Young Voters Can’t Be Ignored

Mandingo Buchongo

Last month, President Barack Obama held a town hall hosted by Facebook and moderated by the founder Mark Zuckerberg. The audience was mostly Facebook employees, but they also took questions from Facebook members online. This was no doubt an effort by the president to reconnect with young voters.  Young voters who were such an important and vital component during the historic 2008 presidential election. In previous campaigns, young people were described as the long lost demographic. In a TIME magazine article, voter turnout expert Michael McDonald at George Mason University said, “Conventional wisdom has a name for candidates who rely on the youth vote: loser.” But in 2008, youth engagement in the political campaign and voting process proved to be an invaluable factor in the Presidential election.
Voters under the age of 30 represented 18 percent of the total vote in 2008, compared with 17 percent in 2004. The election proved that young people care about the electoral process and when engaged by the campaigns they will register to vote and vote. These younger voices bring different points of view, and they expand the public dialogue.  In the recent Congressional budget debate, a myriad of issues affecting youth were discussed from Planned Parenthood funding to collective bargaining rights for educators. The long ignored youth now have a platform to be heard and taken seriously.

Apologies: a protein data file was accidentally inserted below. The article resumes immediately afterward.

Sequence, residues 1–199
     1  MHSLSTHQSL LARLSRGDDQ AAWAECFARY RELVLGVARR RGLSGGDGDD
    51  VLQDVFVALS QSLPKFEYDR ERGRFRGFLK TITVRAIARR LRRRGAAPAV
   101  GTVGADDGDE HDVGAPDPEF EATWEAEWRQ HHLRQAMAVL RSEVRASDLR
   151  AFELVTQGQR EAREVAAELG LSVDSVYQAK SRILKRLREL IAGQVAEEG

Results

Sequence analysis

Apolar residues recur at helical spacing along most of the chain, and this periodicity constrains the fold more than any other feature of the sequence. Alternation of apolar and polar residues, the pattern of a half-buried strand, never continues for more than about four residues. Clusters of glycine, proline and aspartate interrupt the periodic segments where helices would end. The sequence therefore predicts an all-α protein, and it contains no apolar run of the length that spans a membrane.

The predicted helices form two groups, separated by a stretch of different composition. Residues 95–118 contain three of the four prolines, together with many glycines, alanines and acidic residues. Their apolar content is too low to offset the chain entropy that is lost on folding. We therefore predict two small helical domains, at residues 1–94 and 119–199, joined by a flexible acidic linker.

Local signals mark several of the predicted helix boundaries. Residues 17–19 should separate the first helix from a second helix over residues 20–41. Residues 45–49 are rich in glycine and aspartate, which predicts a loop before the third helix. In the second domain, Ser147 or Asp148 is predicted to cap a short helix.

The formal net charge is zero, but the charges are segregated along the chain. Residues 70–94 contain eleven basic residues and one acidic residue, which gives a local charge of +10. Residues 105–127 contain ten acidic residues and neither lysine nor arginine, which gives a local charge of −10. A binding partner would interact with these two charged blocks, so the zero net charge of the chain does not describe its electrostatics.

A government’s legitimacy is always dependent upon the people it serves. This is a notion often forgotten. Negligence that affects particular populaces brings about cynicism as a byproduct. The Obama ’08 campaign expanded the electorate and sought out the opinions and engagement of young voters.  If this rapport is strengthened and nurtured by the President for the 2012 election it will undoubtedly continue to create unmatchable results.
According to a nationwide 2010 survey by Rock the Vote, 96 percent of voters between 18-29 are concerned with the unemployment rate in the US just like all voters. And while 56 percent are more cynical than they were in 2008, they still believe that their votes count. No surprise younger voters are also concerned with technology, jobs, and education.
The youth vote has become substantial to candidates who want to win. Candidates are injecting trendy phrasings and buzz words into their campaign speeches as a way to connect with their newfound electorate. Pandering may be demeaning but these candidates recognize the power that the demographic holds—clearly “conventional wisdom” was not conventional. In an age of instant communication young people are following the news and their interests —and winning candidates would be foolish to ignore young voters again.
Mandingo Buchongo
A 25-year old Morehouse College Graduate


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